December, 1949 On the Estimation of the Number of Classes in a Population
Leo A. Goodman
Ann. Math. Statist. 20(4): 572-579 (December, 1949). DOI: 10.1214/aoms/1177729949

## Abstract

This paper deals with the following problem: Suppose a population of known size $N$ is subdivided into an unknown number of mutually exclusive classes. It is assumed that the class in which an element is contained may be determined, but that the classes are not ordered. Let us draw a random sample of $n$ elements without replacement from the population. The problem is to estimate the total number $K$ of classes which subdivide the population on the basis of the sample results and our knowledge of the population size. There is exactly one real valued statistic $S$ which is an unbiased estimate of $K$ when the sample size $n$ is not less than the maximum number $q$ of elements contained in any class. The restriction placed upon $q$ is unimportant for many practical problems where either there is a reasonably low bound for $q$ or those classes containing more than $n$ elements are known. An unbiased estimate does not exist when there is no such knowledge. Since the unbiased estimate can be very unreasonable, modifications of $S$ are considered. The statistic $T' = \big\{S' = N - \frac{N(n - 1)}{n(n - 1)} x_2,\quad\text{if} S' \geq \sum^n_{i=1} x_i,$ $\sum^n_{i=1} x_i,\quad\text{if} S' < \sum^n_{i=1} x_i,$ where $x_i$ is the number of classes containing $i$ elements in the sample, is the most suitable estimate, in comparison with three other statistics, for a hypothetical population. The case where each element in the population has an equal and independent chance of coming into the sample is used as a model for some sampling procedures and also as an approximation to the case of random sampling.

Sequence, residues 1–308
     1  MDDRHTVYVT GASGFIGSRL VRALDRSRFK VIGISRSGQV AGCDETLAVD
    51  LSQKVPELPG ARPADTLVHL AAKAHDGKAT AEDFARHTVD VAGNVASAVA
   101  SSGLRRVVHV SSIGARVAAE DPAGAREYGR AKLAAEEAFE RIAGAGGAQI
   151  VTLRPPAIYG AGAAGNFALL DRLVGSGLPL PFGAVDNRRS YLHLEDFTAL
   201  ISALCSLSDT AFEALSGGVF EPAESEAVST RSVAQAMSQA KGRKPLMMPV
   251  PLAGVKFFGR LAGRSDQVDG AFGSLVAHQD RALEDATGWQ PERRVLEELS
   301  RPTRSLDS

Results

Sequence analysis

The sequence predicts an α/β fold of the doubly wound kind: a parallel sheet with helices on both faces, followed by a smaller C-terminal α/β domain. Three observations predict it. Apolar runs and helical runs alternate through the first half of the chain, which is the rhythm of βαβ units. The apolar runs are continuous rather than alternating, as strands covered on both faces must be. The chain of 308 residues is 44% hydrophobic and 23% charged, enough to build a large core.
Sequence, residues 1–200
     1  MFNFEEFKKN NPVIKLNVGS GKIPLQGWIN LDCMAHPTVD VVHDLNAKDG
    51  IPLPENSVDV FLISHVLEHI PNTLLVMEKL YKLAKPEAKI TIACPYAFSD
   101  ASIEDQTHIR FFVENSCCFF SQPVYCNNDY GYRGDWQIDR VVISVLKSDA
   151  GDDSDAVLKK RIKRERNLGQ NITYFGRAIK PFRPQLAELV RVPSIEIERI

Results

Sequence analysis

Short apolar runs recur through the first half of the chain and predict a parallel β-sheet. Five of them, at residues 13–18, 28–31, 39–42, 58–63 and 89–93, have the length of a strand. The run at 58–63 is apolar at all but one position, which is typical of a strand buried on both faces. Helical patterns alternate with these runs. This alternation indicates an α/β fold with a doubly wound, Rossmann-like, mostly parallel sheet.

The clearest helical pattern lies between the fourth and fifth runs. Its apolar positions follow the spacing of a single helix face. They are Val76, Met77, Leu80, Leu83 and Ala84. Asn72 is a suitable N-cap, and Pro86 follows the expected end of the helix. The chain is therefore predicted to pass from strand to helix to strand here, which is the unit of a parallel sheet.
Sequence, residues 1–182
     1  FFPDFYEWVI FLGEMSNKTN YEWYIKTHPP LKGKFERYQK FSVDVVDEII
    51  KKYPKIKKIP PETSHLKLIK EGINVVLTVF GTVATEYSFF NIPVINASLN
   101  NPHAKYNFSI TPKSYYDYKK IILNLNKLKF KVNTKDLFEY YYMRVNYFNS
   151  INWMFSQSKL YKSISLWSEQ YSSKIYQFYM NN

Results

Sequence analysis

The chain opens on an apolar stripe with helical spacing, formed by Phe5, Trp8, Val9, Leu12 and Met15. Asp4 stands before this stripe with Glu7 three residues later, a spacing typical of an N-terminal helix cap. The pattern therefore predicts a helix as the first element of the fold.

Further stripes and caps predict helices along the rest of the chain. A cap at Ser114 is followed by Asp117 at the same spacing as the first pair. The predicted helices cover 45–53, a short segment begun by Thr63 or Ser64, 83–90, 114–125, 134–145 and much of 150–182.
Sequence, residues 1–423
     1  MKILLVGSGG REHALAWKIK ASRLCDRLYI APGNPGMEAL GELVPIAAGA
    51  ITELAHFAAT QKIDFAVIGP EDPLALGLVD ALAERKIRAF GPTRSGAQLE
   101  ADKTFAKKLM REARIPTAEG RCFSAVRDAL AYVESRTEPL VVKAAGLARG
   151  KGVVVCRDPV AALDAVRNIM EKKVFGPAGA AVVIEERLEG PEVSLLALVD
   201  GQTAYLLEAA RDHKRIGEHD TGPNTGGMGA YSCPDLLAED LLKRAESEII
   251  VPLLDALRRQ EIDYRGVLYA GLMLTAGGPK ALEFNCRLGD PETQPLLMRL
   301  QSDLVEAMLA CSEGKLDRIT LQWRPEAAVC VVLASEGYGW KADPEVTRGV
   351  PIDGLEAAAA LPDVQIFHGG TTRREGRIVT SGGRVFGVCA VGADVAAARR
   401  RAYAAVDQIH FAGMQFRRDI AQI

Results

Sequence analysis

## Citation

Leo A. Goodman. "On the Estimation of the Number of Classes in a Population." Ann. Math. Statist. 20 (4) 572 - 579, December, 1949. https://doi.org/10.1214/aoms/1177729949

## Information

Published: December, 1949
First available in Project Euclid: 28 April 2007

zbMATH: 0035.09102
MathSciNet: MR32165
Digital Object Identifier: 10.1214/aoms/1177729949